Trojan dragon

Trojan dragon

The Chinese may have their complex calculations about setting foot on NATO soil with a wooden construction that looks like a dragon inspired by an ancient horse. But the Turkish decision to welcome the Chinese dragon is not only problematic from a NATO angle. 

A saying often attributed to Mark Twain, “History does not repeat itself, but it does rhyme,” could be true for the chronic Turkish maladies about knowing which security threats Turkey really faces and which ones it thinks it does but it in fact does not. 

Modern Turkey has never been impressively accurate about assessing what its real security threats are and are not, or which threats to more realistically prioritize. When the Kurdish insurgency was knocking on its doors, the Crescent and Star’s warplane pilots were dogfighting with their Greek counterparts. When its southern borders were in flames, the Turkish military kept troops on alert against the possibility of a land invasion from tiny Armenia. 

When northern Iraq was more than a threat, Turkey was busy threatening Syria. When Syria would soon be an even bigger threat, Ankara was wholeheartedly befriending Damascus. When Baghdad was an emerging threat, Ankara was busy helping its allies topple Col. Moammar Gadhafi’s regime in Libya. When Iran was becoming a nuclear threat, Ankara sought diplomacy. When Russia and the United States agreed to favor diplomacy over war on Syria, Ankara sought war. 

When it quietly felt threatened by Iran, Ankara secretly knocked on its Western allies’ doors while championing Muslim solidarity “with our Iranian brothers.” When it felt threatened by a Syrian chemical attack, it not-so-quietly knocked on NATO’s door. 

When it thought it could make a habit of spying on Syrian/Russian air defenses on the Mediterranean coast, it lost a reconnaissance aircraft (and two pilots) and rushed to NATO for protection. When it made it a blood feud and sought to topple the dictator in Damascus, it failed to realize it had become neighbors with al-Qaeda on the other side of the Syrian border. 

When it keeps focusing on the Syrian threat, the radical Islamist threat, already a neighbor, will be knocking on its door. When Syria’s machinery of subversion was plotting to subcontract out bombings on Turkish soil, the Turkish defense planning machinery was busy deciding which naval landing platform would best suit its needs. Where, really, will the Turkish Navy land troops, tanks and helicopters? Cyprus, again? Greece? Ukraine? Russia? Bulgaria? Romania?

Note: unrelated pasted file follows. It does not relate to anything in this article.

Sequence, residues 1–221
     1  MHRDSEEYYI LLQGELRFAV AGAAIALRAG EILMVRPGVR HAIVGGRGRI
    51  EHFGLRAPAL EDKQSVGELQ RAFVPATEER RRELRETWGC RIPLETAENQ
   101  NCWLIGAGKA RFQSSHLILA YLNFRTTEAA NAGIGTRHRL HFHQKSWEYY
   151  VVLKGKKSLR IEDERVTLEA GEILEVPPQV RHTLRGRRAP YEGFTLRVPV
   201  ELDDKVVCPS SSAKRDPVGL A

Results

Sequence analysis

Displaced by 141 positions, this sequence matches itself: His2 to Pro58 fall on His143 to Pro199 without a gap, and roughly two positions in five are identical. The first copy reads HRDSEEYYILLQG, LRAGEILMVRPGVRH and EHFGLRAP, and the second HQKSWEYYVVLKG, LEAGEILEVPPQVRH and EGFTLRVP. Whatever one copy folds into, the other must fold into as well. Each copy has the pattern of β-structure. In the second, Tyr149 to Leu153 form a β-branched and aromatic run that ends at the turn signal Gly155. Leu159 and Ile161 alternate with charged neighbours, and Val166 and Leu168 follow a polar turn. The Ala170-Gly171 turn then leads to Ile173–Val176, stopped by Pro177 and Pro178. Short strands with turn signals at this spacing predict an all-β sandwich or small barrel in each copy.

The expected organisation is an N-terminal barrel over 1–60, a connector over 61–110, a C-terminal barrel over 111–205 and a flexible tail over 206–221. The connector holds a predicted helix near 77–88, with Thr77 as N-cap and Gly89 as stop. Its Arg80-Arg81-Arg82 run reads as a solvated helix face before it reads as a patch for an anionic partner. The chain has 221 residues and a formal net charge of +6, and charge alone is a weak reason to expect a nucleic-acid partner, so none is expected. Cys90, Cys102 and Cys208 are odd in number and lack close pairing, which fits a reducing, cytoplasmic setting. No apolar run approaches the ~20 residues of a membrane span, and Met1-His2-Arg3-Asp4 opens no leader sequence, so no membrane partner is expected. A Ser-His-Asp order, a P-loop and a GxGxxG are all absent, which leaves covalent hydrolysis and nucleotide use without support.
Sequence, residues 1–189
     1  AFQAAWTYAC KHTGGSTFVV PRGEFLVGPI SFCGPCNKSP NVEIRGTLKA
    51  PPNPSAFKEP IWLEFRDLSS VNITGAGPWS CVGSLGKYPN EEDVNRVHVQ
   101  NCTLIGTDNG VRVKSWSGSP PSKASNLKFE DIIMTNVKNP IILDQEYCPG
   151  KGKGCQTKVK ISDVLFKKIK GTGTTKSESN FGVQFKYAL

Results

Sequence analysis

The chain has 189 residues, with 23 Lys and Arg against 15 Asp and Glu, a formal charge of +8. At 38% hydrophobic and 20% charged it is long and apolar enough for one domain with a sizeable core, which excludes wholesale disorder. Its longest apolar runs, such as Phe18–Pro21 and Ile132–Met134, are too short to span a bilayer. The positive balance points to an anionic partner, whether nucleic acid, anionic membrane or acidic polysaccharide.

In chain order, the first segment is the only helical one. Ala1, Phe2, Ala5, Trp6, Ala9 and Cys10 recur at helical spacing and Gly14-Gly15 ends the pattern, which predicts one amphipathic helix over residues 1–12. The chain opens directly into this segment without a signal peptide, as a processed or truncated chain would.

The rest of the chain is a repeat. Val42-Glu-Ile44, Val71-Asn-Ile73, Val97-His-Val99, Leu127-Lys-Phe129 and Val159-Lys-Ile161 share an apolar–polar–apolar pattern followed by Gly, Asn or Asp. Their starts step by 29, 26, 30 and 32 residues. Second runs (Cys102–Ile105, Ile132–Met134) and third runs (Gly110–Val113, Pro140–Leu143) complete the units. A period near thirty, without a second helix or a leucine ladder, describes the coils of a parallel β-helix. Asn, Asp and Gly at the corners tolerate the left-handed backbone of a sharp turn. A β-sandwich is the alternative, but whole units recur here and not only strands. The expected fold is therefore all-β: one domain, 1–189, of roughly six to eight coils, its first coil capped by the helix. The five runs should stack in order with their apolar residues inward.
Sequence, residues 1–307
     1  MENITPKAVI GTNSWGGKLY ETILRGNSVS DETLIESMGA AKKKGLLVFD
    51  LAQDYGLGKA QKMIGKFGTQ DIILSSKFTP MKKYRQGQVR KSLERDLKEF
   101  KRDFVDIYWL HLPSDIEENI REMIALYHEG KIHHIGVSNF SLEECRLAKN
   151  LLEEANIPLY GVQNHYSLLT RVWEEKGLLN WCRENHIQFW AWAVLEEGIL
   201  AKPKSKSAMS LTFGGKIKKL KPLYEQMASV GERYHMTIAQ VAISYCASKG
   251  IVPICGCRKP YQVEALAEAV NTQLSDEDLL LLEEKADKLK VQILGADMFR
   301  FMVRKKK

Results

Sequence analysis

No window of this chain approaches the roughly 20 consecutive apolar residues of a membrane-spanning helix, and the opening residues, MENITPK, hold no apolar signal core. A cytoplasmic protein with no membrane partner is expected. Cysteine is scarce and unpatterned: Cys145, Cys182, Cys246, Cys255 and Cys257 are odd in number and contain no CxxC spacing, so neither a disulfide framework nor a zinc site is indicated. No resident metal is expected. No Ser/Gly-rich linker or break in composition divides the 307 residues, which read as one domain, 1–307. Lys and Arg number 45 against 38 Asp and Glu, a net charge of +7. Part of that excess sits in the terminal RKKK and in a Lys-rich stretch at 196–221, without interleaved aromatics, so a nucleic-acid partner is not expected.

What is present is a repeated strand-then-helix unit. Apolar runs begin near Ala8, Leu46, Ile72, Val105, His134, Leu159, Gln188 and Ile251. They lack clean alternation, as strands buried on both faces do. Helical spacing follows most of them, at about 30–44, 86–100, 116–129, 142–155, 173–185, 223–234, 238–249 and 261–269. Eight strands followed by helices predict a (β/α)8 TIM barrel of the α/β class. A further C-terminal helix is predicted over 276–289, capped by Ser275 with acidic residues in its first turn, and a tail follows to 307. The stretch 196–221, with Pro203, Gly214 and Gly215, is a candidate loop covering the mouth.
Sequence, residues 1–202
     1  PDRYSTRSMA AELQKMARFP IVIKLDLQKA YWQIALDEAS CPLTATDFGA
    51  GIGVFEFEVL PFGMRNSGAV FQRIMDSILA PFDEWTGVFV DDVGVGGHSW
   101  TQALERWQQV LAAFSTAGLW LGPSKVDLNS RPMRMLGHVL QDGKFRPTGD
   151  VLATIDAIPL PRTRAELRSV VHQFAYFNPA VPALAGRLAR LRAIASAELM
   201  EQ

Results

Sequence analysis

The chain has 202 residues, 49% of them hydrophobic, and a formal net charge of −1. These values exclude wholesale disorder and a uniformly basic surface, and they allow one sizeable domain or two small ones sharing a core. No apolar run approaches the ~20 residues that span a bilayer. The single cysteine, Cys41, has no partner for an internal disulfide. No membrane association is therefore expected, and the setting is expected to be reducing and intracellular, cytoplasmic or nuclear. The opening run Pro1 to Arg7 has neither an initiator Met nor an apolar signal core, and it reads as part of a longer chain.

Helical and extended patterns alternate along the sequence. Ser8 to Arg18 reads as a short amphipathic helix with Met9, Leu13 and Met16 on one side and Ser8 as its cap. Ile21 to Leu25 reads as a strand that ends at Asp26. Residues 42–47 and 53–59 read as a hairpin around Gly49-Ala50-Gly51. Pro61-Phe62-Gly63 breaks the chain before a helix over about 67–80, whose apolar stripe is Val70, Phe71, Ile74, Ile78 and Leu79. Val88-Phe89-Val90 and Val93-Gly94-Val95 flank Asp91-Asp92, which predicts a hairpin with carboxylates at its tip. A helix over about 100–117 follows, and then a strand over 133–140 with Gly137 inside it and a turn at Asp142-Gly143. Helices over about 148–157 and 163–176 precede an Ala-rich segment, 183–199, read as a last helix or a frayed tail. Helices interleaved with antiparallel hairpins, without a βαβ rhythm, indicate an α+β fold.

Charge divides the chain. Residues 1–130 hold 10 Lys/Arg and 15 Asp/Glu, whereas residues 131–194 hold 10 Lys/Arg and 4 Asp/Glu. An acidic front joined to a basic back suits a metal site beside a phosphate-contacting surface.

When some Turkish scientists cannot even properly fly a “Turkish” drone which has a foreign engine, landing gear, automatic takeoff and landing system, mission computer and a foreign name, other Turkish scientists are busy building an all-Turkish ballistic missile with a 2,500-km range. No one knows which unlucky capitals are Turks’ potential enemies: London? Moscow? Tel Aviv? Cairo? Tehran? 

And now Turkey has decided to build an air defense architecture based on threat perceptions belonging to a decade-and-a-half ago. 

It is no secret that the Chinese air defense shield for which Turkey intends to spend a good $3.44 billion may in theory be fairly good (or not bad) for air defenses, but it would be practically next to useless in defending a vast territory against any serious missile threat. Turkey’s defense procurement bureaucracy admits that the priority for Ankara (probably as defined by the end-user, the Air Force) is air defenses, with missile defense coming into the picture as secondary only. 

But what air defenses? Will Turkey in the next decade(s) have to defend itself against enemy aircraft coming from Persian lands? The Iraqi Air Force? Syrian warplanes? The almighty Armenian Air Force? Sorties of Hellenic air raids? Or would the Chinese-built air defenses defend Turkey against Russian bombers? Would Russia ever send bombers if it wanted to strike? 

The fact is, speaking strictly realistically, Turkey faces and will, in the foreseeable future, be facing multiple missile threats, not air. And the air and anti-missile defenses it intends to build with Chinese technology and portray as a “national system” will primarily target air attacks, with very limited or, to be more precise, no capabilities to counter enemy missiles. 

Once again, the Turks have got it wrong.